5 Ways to Use Epsom Salt

Most Massage Therapists have really soft, smooth hands and although some of that is because we have our hands and forearms covered in lotion all day, the real trick is that we use epsom salt. Yes, that same gritty stuff you can buy a half gallon of for $1.99 at CVS. Here are 5 fabulous ways I use epsom salt:

1. Hand/body exfoliation

Once a week, I pour about 1-2 tablespoons of epsom salt in my palm, add a few drops of water and rub my hands together for about a minute, then rinse. Result? Satin soft hands. You can also add a drop of rose or lavender oil, a pump of scented hand soap or lotion to make it more luxurious, or you can get the same effect by purchasing 6.5 oz of a $16+ product where it’s already mixed. (And it’s epsom salt for the win!) The same mixture can be used to exfoliate your whole body–a great trick to know come winter.

2. Sticker removal

This works on kids and on products where they infuriatingly put an overly sticky price sticker on the front. The epsom salt works as a gentle abrasion and causes no harm to your child or product. Just mix a little water or olive oil to half a tablespoon of epsom salt, and rub in circles over the sticker until it breaks up the paper and peels off. Sometimes the salt dissolves before the sticker is fully removed, so just repeat, and you should be good to go.

3. Remove blackheads

Remember those Biore nose strips that dried into a paper mache on your face and then ripped out blackheads (and probably little hairs) when you pulled it off? Those sucked. Using 1 tablespoon of epsom salt mixed with a tiny bit of water will help gently dislodge blackheads without making you cry. I have super sensitive skin but successfully use this mixture every one in awhile on my chin and that annoying crease on each side of my nose.

4. Relaxing bath

Toss 2-3 cups of epsom salt into a very warm bath. For added moisture, pour in 1 cup olive oil or baby oil. Epsom salt is known for its healing and detoxifying components, and is often recommended to athletes or those suffering from stress or muscle pain. It’s also a beneficial way to end your day after receiving a massage!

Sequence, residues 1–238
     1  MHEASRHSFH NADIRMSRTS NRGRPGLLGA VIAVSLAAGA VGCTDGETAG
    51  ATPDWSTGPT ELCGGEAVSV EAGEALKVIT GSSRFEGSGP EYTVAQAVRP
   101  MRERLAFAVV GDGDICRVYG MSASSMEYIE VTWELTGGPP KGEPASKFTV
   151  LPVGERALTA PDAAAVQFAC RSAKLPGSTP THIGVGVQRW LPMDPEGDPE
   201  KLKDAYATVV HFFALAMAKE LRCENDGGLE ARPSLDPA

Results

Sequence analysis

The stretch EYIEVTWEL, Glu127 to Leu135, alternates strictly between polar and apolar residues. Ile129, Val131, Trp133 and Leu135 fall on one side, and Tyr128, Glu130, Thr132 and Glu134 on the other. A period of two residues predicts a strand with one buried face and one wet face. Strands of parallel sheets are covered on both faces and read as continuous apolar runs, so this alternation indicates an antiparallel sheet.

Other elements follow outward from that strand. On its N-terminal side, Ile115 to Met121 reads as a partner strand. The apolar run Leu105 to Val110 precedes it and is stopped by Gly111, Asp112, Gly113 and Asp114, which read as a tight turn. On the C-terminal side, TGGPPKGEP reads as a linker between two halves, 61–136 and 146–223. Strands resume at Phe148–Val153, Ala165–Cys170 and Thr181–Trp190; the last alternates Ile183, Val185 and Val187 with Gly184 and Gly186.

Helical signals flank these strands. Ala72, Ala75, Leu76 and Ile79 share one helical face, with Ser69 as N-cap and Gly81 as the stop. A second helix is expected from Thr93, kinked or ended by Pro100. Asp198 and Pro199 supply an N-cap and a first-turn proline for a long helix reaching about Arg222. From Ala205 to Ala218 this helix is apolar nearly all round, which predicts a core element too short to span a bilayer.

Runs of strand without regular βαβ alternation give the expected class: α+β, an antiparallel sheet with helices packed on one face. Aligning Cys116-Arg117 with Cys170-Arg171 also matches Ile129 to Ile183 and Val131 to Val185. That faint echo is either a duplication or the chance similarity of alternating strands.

5. Foot bath

Same ingredients as #4 but reduce recipe to 1 cup epsom salt and 1/4 cup oil in a basin.

Apparently epsom salt is safe to ingest and can be used to treat constipation, but I have only used externally. If you know of other ways to use this super affordable mineral, please let me know! Hope you all treat yourself to some in-home spa treatments after reading this. Your hands will thank you.


Meridith Oram
Meridith Oram is an ACE-Certified Health Coach at Below the Fork where she encourages women to love themselves towards healthy. She is married with two boys, and lives outside of Philadelphia. She earned a B.A. in Communications from Villanova University. Meridith writes about FASTer Way to Fat Loss, fitness, nutrition, Celiac Disease, and easy (but delicious!) gluten-free recipes at belowthefork.com. Follow her @belowthefork on all social channels.
  • Lori

    Love this post! I need to remember to pick up some epson salt next time I am at the store! I have such dry skin and would love to try it in a bath with the olive oil. I was just reading another article on how olive oil was good for a bath. Who would have thought something greasy is good for your skin?

  • meridith

    Olive oil is good for your hair too! I also heard that epsom salt baths help with postpartum recovery…I don’t know enough about it (or if that was a reliable source) but perhaps something you should look into. It makes sense that it could be a source of relief.

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